By Jennifer R Jones | Posted on March 13, 2014 8:03 PM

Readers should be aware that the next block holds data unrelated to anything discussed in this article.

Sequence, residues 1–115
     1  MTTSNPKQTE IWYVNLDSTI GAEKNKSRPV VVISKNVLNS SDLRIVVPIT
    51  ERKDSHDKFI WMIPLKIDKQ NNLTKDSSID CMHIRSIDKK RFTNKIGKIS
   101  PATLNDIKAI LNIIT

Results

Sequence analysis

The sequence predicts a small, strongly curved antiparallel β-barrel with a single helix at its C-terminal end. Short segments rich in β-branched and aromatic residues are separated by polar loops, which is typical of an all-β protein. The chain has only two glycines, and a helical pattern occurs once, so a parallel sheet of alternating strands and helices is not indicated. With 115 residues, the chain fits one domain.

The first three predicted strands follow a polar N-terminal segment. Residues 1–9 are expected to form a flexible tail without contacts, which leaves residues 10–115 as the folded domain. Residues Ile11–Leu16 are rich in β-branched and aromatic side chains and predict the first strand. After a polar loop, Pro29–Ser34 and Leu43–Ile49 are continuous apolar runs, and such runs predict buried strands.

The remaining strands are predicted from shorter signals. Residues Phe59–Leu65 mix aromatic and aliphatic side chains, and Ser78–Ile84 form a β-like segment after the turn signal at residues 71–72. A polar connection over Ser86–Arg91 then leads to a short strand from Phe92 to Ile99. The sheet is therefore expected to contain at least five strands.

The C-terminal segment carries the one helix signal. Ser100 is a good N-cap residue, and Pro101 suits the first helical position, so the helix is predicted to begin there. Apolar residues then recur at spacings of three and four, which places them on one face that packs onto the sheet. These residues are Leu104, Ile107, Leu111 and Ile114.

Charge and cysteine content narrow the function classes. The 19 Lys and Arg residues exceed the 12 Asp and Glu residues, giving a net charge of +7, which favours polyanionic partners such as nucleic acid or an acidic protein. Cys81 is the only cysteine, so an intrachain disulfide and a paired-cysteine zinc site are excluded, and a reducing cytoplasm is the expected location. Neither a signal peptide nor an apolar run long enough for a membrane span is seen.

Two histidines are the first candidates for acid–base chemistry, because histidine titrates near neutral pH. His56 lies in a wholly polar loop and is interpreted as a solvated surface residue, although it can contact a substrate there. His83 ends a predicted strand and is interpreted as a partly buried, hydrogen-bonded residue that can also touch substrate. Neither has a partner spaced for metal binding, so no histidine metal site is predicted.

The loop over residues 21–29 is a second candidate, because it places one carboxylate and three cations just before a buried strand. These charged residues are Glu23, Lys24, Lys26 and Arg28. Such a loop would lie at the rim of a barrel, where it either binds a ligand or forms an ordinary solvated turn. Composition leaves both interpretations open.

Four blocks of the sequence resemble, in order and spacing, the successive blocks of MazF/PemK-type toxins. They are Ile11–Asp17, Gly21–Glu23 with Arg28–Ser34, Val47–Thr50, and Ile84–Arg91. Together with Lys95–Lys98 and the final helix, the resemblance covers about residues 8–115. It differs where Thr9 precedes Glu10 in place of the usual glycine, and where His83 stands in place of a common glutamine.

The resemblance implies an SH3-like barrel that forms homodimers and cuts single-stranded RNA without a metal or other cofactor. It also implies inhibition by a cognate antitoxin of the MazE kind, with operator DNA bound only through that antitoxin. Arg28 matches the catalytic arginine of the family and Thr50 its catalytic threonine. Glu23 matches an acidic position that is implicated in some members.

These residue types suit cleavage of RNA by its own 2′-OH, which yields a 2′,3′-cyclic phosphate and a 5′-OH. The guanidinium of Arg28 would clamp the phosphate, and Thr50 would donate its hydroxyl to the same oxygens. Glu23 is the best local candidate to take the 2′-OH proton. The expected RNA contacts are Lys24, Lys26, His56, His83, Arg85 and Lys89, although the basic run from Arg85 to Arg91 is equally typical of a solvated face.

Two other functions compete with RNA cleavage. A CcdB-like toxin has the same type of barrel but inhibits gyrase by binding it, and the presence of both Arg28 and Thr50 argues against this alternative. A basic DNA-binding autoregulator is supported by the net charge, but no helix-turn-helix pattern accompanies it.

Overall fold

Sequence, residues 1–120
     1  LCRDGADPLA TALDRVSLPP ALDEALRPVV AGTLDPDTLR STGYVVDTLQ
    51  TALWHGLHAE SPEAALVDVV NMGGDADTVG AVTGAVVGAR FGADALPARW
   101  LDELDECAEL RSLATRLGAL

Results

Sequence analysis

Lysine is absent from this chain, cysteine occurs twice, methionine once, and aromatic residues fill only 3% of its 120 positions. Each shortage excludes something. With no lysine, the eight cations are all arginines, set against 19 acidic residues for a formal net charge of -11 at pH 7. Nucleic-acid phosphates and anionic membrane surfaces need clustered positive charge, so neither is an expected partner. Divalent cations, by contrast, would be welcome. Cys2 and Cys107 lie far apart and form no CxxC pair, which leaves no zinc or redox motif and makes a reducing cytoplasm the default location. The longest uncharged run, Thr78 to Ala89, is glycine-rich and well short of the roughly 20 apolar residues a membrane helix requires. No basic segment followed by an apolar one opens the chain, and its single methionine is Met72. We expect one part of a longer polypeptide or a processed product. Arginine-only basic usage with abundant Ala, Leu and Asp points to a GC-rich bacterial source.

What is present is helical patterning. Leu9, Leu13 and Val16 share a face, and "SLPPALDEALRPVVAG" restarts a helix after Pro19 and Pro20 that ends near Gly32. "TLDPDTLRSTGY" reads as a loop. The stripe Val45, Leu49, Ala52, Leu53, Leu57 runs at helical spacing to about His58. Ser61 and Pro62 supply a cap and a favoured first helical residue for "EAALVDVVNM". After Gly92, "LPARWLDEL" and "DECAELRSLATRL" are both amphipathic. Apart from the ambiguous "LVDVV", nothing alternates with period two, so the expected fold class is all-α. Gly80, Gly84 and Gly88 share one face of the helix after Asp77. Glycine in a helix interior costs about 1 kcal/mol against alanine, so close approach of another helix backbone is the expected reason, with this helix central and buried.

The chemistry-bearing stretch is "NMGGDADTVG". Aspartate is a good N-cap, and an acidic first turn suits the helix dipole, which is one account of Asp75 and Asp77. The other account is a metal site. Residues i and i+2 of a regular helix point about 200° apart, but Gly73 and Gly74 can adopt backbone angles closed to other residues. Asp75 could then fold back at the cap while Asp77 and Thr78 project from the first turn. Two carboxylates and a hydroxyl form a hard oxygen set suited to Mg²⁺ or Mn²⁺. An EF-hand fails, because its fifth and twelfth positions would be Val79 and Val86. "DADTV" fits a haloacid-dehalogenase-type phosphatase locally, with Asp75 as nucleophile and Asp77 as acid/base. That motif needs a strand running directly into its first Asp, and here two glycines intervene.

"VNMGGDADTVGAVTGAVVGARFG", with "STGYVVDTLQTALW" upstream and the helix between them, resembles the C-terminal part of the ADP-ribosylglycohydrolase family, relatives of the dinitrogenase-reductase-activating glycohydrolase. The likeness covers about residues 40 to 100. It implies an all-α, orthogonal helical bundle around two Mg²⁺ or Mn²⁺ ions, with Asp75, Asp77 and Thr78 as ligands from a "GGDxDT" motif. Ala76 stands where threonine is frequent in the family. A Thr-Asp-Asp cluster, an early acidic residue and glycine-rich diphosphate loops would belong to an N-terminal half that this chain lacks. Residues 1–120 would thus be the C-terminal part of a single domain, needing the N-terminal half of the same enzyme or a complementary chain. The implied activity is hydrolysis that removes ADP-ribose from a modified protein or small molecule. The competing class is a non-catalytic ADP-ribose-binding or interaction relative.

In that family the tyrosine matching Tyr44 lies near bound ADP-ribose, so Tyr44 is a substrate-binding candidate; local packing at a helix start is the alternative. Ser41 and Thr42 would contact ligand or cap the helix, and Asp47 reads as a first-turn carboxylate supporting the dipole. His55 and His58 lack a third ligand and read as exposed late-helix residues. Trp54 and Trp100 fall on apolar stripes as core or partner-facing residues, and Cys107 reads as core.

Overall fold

Having survived three previous corporate re-brandings since the modernized version of this historic playhouse first re-opened in 1998, the theatre most recently known as Foxwoods is transitioning to its original turn-of-the-century name, the Lyric. The Lyric Theatre first opened in 1903 on the hot-to-trot thoroughfare of 42nd Street, and while it enjoyed some initial fanfare with such productions as Oscar Straus’ The Chocolate Solider, which ran a then unheard of 296 performances, the theatre really soared during the roaring twenties, with razzle-dazzle comedies that were scored by such musical greats as the Gershwins, Irving Berlin, and Cole Porter and which starred the likes of Fred Astaire and the Marx Brothers. Sadly, like many businesses of the 1930’s, the Lyric Theatre could not weather the Great Depression and its final show sputtered to a close in 1934. Out of financial necessity, it was converted into a movie house that remained inconsistently operational until 1990 when the City and State of New York essentially repossessed it. In 1992, the Lyric was placed under the protective auspices of the non-for-profit New 42nd Street Organization, who took over the lease of this landmark location, along with several other classic neighborhood beauties like the Victory Theatre and the Selwyn, in a dignified effort to preserve and honor the neighborhood’s historical integrity and significance. Fast-forward to 1998, when Livent Inc. (a Canadian production company) partially demolished the grounds of the old Apollo and Lyric Theatres, and spent the better part of two years re-inventing the joint space, restoring the front and rear façades of the Lyric to their opulent glory. Additional work was made to incorporate some of the most impressive interior architectural elements, namely the proscenium arch from the Apollo theatre and the dome from the Lyric, into their new design vision: a technologically-advanced performing arts center with roomy, comfortable, crowd-sustaining modern amenities. Once renovated and unveiled, the theatre became one of the first mascots of big business sponsorship, re-branding itself as the Ford Center for the Arts, named after none other than the Ford Motor Company. Ironically enough, the theatre’s inaugural show, Ragtime, which had initially piqued and secured the vested interest of Ford, did not do well. The theatre, however, did experience one considerable success with its rousing rendition of 42nd Street, which won the 2001 Tony Award for Best Musical Revival. In 2005, Livent Inc. found itself embroiled in financial and legal troubles and Clear Channel Entertainment joined collaborative forces with Hilton Hotels, to whom it sold the naming rights, and who un-coincidentally re-named the space the Hilton Theatre. Under Hilton’s five-year masthead, the theatre played host to a series of rather unremarkable productions including Chitty Chitty Bang Bang, Hot Feet, Dr. Seuss’ How the Grinch Stole Christmas and Young Frankenstein. In the summer of 2010, after a year of dormancy, the theatre was resurrected yet again, this time by the union of Live Nation Entertainment and Foxwoods Casino, who, not all too surprisingly, re-named it the Foxwoods Theatre. Foxwoods placed all its bets on Spider-Man Turn Off The Dark, The show, however, proved one of the most-talked about theatrical fiascos in Broadway history, inspiring an unwelcome media blitzkrieg of negative press. This budget-buster of a show (with weekly operating expenditures reported between $1.2 and $1.4 million) was plagued from the get-go with a myriad of technical difficulties and frightening mishaps, injuries and subsequent lawsuits, from which it never really recovered. Even a marvel superhero like Spiderman with his minions of millions and rock star roster of brand name backers, producers, directors and choreographers including the seemingly unstoppable, unflappable and impervious Julie Taymor and Bono, could not help Spidey live up to his spectacular promise and prowess, which only goes to show that big money and big names do not guarantee a hit. In the end, this over-the-top production was an epic loss and co-sponsor Foxwoods Casino has since folded its cards, cashed out and left the building, leaving the revolving door open to the Ambassador Theatre Group, a UK-based firm that bought out the lease last May and announced, just last week, that along with a restorative summer spruce-up, the theatre would reclaim its baptismal name, the ‘Lyric.” Set to premiere at the old-is-new again Lyric Theatre is the beloved classic “On the Town,” a charming rollick of a musical which showcases three sailors searching for love while on NYC shore leave. “On the Town” is quite a departure in choice from the long-rumored Australian blockbuster, “King-Kong,” which had been the expected shoo-in for the enormous 1,900 seat performance space. But King Kong producers, who recently admitted needing more time to get it right, are probably sheepish, and understandably so, about following too closely on the heels of the Spiderman debacle and running the risk of comparison. And it may just be that the theatre, too, wants to put all the unpleasantness behind it and begin anew with a pretty name and a safe and beloved classic. In the case of the Ford turned Hilton turned Foxwoods, constant re-branding did not afford this gem of a theatre any real favors. Corporate sponsorship may have become the norm for sports teams and their stadiums, but what works for baseball doesn’t necessarily work for Broadway. The Mets can play in Shea or they can play in Citi Field, it doesn’t much matter. They come with a built-in fan base who knows that no matter the emblem on the home stadium, the product they are getting is a good old game of baseball. So has corporate sponsorship worked anywhere on the Great White Way? Well, the American Airlines Theatre, main homestead of the beloved Roundabout Theatre Company, is still flying high on the radar. But the crucial difference between the Selwyn turned American Airlines Theatre and the ever-morphing Lyric, lies in the partnership. Since 1965, the Roundabout Theatre Company has painstakingly created a consistent brand of high caliber theatre. The RTC is trusted amongst theatregoers as a quality evening out. As a result, they have remained loyal to the company, no matter the name emblazoned on the venue in which it presents its works, and in fact so much so, that the American Airlines Theatre is often called the Roundabout Theatre Company by its many devotees. That is a pretty impressive feat, and as close to a home team as we’ve got here on Broadway.